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Things we Lost in the Fire
Posted By ChiefsWarpath.com On April 24, 2009 @ 10:45 pm In Commentary | Comments Disabled
In 2004, the Chiefs lost Priest Holmes to injury. In 2005, the Chiefs lost Willie Roaf to retirement. In 2006, the Chiefs lost Trent Green in an ill-advised trade. In 2007, the Chiefs lost Jared Allen to what I can only assume was a bar bet gone wrong. I had hoped that a change in management might bring an end to this recent trend of losing the franchise’s best player at the conclusion of each season. My hopes have been dashed.
In the past three months I have vacillated between cautious optimism and cautious criticism toward the new regime at One Arrowhead Drive. Tonight I’m throwing caution to the wind, and I’m sending optimism along to ride shotgun. It’s time for criticism.
Todd Haley’s father, Dick Haley, was a personnel man for the Pittsburgh Steelers from 1971 to 1990. Pittsburgh’s consistently strong performance over the last four decades is largely due to their personnel management. Simply put, no team has done it better. Only the Cowboys and Giants even come close.
As I detailed in my February article Steeler Way, a big part of what made (and still makes) Pittsburgh so successful is that they draft well, shy away from bringing in free agents older than 30, and only tender third contracts to their absolute best players (see: Jerome Bettis, who got paid, versus Alan Faneca, who didn’t). The Steelers age like wine.
Meanwhile, Kansas City is aging like vinegar.
The ostensible justification for trading Tony Gonzalez to the Falcons is that the 2010 second round pick the team received in exchange for their best player will help them build for the future. Anybody who dares question the trade is guilty of failing to see the bigger picture: Tony is in the twilight of his career, and there is no reasonable expectation of getting more than two or three good years out of him. It’s shortsighted to keep an elderly player at a non-impact position when a first day pick is being offered. Never mind that it’s a pick for next year – this team isn’t going anywhere in 2009 anyways.
Which, of course, is why they signed Zach Thomas, Bobby Engram, Mike Vrabel, Monty Beisel, and Mike Goff.
And now they have no offense. quarterback Matt Cassel, the college backup who came of age chucking the rock to two of the three best receivers in the league last year, now has the following weapons at his disposal: a wide receiver with a case of the dropsies, a wide receiver with a case of the breaksies, an older wide receiver with a case of the breaksies, a power running back who ran out of power two years ago when he lost his Hall Of Fame right guard, a backup running back who plays one good game every season before retreating to somewhere south of 3.0 yards per carry, another backup running back with the oratory skills of Helen Keller, and a blocking tight end. Prior to the onset of the 2007 season, erstwhile Broncos tight end turned crocodile tear manufacturer Shannon Sharpe said this about the Chiefs: “They cannot win. All the good players are gone.” Cassel concurs.
But wait, it gets better…. With left guard Brian Waters and his four Pro Bowls likely on the way out of town also, Cassel gets the privilege of standing behind both Damion McIntosh AND Wade Smith on every snap (or at least every snap until Big Mac gets hurt). No wonder he hasn’t singed a contract yet…. Would you?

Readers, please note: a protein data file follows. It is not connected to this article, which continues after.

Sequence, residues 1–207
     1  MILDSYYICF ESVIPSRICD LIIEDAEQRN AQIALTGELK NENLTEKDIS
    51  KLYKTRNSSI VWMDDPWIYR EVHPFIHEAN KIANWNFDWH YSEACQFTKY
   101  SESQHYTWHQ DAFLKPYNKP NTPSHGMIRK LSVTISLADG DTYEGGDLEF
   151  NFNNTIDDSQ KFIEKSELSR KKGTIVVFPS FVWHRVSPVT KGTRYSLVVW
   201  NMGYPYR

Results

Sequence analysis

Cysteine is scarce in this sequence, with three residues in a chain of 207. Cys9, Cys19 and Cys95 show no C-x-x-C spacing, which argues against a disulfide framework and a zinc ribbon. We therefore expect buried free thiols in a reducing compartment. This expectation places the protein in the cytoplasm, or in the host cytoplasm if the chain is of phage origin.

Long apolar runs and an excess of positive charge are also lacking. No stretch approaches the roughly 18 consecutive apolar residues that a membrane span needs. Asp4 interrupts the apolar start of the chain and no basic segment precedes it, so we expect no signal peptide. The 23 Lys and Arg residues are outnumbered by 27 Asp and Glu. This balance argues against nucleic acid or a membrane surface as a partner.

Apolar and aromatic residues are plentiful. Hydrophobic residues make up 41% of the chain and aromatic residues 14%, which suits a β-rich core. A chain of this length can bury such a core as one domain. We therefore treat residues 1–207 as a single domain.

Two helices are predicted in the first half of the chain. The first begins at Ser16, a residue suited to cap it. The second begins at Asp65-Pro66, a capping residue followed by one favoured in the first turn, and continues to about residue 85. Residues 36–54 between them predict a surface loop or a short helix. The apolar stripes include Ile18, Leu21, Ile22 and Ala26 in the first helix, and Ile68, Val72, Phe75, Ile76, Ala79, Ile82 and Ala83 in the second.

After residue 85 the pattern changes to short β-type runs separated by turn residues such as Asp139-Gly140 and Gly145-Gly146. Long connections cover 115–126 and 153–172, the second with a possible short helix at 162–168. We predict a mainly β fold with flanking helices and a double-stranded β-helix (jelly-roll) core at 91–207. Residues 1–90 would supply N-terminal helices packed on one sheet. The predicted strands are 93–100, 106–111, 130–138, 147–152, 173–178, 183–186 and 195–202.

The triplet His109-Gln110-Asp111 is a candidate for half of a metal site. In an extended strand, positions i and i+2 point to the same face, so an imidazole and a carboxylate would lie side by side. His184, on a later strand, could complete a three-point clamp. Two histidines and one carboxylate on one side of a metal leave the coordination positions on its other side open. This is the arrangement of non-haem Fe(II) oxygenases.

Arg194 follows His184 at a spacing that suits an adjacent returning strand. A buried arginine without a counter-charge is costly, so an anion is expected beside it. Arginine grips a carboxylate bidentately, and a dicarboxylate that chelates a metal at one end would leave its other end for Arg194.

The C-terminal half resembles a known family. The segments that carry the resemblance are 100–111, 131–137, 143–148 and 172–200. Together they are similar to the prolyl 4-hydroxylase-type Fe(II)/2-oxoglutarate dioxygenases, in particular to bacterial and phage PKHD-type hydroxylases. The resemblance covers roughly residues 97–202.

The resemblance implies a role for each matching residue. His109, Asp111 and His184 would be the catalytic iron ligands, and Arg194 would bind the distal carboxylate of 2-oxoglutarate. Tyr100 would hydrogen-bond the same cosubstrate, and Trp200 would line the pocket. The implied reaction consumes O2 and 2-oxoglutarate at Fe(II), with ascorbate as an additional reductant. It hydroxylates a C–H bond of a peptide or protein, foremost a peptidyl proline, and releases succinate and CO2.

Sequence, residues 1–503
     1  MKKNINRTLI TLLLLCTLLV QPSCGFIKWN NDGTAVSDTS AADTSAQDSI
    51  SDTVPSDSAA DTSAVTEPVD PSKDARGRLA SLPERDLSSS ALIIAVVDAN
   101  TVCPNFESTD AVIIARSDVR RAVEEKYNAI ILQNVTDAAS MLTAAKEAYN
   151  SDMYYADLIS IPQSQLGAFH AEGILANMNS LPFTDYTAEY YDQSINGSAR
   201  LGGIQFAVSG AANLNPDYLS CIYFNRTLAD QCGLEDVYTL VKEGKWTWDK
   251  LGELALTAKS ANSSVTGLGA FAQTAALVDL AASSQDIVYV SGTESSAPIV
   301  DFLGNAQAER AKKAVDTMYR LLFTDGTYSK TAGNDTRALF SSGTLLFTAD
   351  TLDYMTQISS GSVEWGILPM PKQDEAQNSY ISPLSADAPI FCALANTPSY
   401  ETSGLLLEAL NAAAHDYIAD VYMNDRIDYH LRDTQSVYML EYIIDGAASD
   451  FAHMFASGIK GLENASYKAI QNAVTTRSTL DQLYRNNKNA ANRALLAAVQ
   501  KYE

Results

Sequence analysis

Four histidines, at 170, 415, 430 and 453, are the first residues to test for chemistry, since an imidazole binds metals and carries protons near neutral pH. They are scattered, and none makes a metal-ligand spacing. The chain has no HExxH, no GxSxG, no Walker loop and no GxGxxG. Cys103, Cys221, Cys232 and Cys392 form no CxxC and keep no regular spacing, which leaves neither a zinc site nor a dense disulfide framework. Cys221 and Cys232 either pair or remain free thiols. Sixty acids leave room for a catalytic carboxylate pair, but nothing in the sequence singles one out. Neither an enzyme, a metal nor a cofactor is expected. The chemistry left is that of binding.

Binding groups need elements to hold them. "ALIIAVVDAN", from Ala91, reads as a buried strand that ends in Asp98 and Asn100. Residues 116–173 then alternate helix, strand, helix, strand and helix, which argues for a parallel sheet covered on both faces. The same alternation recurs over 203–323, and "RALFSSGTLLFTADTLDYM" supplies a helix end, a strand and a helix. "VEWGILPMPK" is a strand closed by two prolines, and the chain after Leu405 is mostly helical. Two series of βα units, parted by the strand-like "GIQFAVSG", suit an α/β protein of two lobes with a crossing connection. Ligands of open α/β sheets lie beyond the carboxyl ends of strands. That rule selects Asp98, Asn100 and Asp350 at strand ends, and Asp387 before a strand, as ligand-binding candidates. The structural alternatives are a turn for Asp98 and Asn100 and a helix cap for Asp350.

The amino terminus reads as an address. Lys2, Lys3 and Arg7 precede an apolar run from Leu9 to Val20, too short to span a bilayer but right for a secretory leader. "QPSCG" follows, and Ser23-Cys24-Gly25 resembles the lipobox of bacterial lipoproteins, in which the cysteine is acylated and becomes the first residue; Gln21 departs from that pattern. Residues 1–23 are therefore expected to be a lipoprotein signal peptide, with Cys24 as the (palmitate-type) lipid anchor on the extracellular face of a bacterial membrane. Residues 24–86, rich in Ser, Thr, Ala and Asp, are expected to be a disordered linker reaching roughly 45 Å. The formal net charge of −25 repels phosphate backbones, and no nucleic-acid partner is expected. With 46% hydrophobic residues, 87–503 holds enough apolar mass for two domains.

But this is old hat for even the youngest Chiefs fans. They know from last season alone what can happen to one phase of the game when its best player is traded away. Complimentary players get asked to fill shoes two sizes too big, and with every step they try to take they find themselves falling backward on their asses instead. What’s the main course now in 2009? I can’t see all the way back into the kitchen, but it sure smells like more of the same.
Inevitably someone will argue that it’s a lesser position – a tight end can’t change the game the way a pass rusher can. In principle, that’s true. Tony Gonzalez, however, isn’t exemplary of the principle. Jay Novacek, one of my all-time favorites and often my first reference for how a prototypical tight end should play, garnered much of his success as a foil for Michael Irvin and Alvin Harper. Tony was never the foil. That was always somebody else’s job. His yards gained were never at the expense of a receiver. Actually it was quite the opposite – every receiver Tony ever played with gained yards at his expense. Tony drew double and triple-teams, leaving other targets wide open downfield. That’s the sort of thing receivers do, not tight ends. Not even good tight ends.
That’s a testament to what the Chiefs had, a rare Lawrence Taylor type, who singlehandedly changed every perception about how a position could be played. And, as it was with Taylor, we may not see that position played that well ever again in our lifetimes. Lesser position or not, that’s something not to be taken lightly.
Conventional wisdom declares that a passing game cannot be built around a tight end. Tony Gonzalez’s play defied conventional wisdom. The team was never mistaken for having done so the way that Baltimore was mistaken for building around Todd Heap. But now in Kansas City that one reliable cornerstone is gone, and a team that is struggling mightily for any identity at all will now struggle a little more. Tony bitched just enough while he was here to ensure that a lot of fans will declare for the time being that he won’t be missed, but it’s been over a decade since they’ve seen a game without him. They’ll figure it out soon enough. Bitching aside, as soon as Tony hit the field on Sunday he was a can’t-miss. A can’t-miss is never a won’t-miss; he’s a will-miss.
Tony, you will be missed. Todd, you’d better know exactly what you’re doing. I’ll be the first to admit that I don’t get it.
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